House passes bill to determine Puerto Rico status

puerto rico

The US House of Representatives on Dec. 15 passed the Puerto Rico Status Act, which would allow the island to hold its first binding vote on whether to become the 51st state, an independent country, or a sovereign government in “free association” with the United States. The bill won the support of 217 Democrats and 16 Republicans. But 191 representatives, all Republican, voted against the measure.

The bill, HR 8393, proposes a binding popular vote in Puerto Rico be held on Nov. 5, 2023. The text lays out transition and implementation provisions depending on which of the three options garners the most votes. Rep. Nydia Velázquez (D-NY) posted a photo of the final vote count to Twitter with the caption, “We did it!” Velázquez, who was elected to her post as the first Puerto Rican woman in the House, co-sponsored the Puerto Rico Status Act.

Puerto Rico first became a US territory in 1898. It currently has a population of about 3.3 million people, who are all technically US citizens. However, Puerto Ricans have no representation in US Congress aside from a non-voting resident commissioner. Previous efforts in Congress to win Puerto Rican statehood have failed.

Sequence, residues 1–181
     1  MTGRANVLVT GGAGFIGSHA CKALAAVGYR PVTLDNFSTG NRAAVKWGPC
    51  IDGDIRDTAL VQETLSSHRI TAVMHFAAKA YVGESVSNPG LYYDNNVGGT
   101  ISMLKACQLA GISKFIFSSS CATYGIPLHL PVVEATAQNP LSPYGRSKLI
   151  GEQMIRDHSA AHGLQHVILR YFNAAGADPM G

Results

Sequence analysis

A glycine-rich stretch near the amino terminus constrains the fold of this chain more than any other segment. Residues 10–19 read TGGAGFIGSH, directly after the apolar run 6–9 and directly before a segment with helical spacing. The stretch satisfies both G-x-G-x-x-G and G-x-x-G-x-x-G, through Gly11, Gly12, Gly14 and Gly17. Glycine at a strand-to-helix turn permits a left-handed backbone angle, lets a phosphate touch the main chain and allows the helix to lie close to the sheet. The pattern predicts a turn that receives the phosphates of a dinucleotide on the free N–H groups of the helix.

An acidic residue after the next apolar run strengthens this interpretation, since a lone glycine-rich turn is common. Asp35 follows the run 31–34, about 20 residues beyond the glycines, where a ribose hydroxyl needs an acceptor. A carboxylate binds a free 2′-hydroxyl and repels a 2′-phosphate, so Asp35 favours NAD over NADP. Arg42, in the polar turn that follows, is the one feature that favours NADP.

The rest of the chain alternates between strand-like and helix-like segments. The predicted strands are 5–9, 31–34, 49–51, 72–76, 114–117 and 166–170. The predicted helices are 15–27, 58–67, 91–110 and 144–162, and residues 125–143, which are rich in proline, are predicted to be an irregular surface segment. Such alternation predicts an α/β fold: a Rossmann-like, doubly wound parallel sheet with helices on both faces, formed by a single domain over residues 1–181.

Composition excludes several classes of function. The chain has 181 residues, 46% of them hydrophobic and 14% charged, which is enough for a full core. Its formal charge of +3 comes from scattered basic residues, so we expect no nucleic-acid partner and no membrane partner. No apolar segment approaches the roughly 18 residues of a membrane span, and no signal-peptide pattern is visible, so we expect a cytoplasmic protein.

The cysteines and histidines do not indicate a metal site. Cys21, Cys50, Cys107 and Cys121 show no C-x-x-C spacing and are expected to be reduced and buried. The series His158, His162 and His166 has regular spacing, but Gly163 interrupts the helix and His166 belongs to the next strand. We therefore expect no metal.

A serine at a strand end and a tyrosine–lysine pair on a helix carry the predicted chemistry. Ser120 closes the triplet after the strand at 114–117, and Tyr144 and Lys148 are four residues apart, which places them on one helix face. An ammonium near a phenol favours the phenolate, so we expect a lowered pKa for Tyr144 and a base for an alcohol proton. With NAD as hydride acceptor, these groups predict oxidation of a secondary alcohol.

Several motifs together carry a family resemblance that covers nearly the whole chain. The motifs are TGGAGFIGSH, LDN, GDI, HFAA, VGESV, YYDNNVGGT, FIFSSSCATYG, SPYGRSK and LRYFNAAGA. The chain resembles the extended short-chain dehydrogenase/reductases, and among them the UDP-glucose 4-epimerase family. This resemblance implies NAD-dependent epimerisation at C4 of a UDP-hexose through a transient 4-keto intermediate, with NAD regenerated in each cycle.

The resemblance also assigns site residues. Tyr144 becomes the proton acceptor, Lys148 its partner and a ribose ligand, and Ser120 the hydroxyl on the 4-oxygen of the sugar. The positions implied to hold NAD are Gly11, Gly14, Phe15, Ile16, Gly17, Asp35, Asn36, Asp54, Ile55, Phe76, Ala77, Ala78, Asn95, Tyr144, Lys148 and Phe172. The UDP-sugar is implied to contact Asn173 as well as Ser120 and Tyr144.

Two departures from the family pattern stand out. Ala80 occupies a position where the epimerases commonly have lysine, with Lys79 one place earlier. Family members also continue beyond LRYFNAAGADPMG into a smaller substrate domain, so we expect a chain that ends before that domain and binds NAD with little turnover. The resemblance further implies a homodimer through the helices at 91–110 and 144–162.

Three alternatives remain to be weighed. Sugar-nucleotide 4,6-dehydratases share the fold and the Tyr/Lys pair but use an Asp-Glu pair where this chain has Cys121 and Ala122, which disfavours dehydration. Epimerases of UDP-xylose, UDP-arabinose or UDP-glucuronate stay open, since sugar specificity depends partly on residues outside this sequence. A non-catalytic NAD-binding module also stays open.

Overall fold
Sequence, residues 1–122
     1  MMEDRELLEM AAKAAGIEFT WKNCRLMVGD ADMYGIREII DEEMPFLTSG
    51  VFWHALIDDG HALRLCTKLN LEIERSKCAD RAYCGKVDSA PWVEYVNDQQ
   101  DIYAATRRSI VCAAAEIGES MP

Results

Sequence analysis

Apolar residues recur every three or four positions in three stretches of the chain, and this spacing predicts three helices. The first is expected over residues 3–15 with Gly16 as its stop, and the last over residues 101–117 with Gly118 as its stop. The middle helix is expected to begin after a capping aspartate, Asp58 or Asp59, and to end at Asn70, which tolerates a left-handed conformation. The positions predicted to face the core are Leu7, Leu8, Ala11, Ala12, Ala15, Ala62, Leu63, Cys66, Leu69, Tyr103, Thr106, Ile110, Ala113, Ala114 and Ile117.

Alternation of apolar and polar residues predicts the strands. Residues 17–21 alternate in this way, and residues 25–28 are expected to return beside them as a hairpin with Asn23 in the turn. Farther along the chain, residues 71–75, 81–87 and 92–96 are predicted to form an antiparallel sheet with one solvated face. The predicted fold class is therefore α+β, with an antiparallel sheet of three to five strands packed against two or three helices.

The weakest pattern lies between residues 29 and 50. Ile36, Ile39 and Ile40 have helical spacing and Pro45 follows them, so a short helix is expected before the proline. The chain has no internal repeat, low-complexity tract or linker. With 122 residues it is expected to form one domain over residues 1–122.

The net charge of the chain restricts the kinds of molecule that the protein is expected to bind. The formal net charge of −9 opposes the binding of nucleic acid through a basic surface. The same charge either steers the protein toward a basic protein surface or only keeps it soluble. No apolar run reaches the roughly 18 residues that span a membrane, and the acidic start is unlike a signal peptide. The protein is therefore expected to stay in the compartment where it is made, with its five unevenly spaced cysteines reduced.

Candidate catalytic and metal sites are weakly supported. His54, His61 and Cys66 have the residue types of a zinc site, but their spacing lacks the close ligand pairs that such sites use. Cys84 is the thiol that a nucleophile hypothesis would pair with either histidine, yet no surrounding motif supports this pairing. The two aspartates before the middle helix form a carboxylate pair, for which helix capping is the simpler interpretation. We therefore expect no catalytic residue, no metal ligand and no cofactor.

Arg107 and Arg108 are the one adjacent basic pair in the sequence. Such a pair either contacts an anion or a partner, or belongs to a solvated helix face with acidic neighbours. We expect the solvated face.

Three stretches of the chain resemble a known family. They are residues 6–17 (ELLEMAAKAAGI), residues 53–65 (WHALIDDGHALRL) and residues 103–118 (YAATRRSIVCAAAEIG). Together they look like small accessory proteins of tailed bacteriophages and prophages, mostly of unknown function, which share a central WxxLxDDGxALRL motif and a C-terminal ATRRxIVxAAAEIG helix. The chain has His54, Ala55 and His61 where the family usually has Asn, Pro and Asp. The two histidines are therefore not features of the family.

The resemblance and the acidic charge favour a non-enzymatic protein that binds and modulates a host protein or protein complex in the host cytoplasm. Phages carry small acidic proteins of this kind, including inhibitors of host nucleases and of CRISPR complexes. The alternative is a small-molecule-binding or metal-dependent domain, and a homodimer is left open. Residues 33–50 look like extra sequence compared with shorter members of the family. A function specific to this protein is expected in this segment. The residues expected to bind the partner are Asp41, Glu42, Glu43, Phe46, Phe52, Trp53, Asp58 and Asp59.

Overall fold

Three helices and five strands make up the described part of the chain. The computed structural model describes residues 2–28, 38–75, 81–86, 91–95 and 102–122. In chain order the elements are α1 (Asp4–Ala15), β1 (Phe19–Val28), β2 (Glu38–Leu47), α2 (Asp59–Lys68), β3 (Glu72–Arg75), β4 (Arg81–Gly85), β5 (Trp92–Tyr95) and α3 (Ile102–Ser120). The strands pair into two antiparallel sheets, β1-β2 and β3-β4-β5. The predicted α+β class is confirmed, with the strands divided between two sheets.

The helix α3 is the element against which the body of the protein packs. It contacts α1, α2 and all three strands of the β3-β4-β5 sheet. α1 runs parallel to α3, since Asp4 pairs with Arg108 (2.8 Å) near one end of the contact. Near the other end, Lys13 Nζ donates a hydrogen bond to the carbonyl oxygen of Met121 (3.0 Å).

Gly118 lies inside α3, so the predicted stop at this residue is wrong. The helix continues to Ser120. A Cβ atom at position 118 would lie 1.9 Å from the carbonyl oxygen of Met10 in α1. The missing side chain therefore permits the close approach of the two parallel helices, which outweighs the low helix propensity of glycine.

The bill now needs approval from the Senate. President Joe Biden has signaled his support of the bill. In a statement after its passage, he said that Puerto Ricans “have been deprived of the opportunity to determine their own political future.” and that the act “would take a historic step towards righting this wrong by establishing a process to ascertain the will of the voters of Puerto Rico.”

The US Congress only sits for another week before leaving for holiday recess. When sessions resume, a new Congress will be sworn in and Republicans will take control of the House. At that point, any pending legislation would have to start anew.

From Jurist, Dec. 15. Used with permission.

Note: Puerto Rico has held six plebiscites on whether it should become a state, most recently in 2020, when 52% of voters on the island endorsed the idea. None of the plebiscites has been binding, however, and turn-out has often been low, amid boycotts by critics who support the status quo or independence. (NYT)

The proposed binding referendum would be the first time that Puerto Rico’s current status as a US commonwealth is not included as an option, a blow to the main opposition Popular Democratic Party, which upholds the status quo. (AP)

Image: Nicolas Raymond via Flickr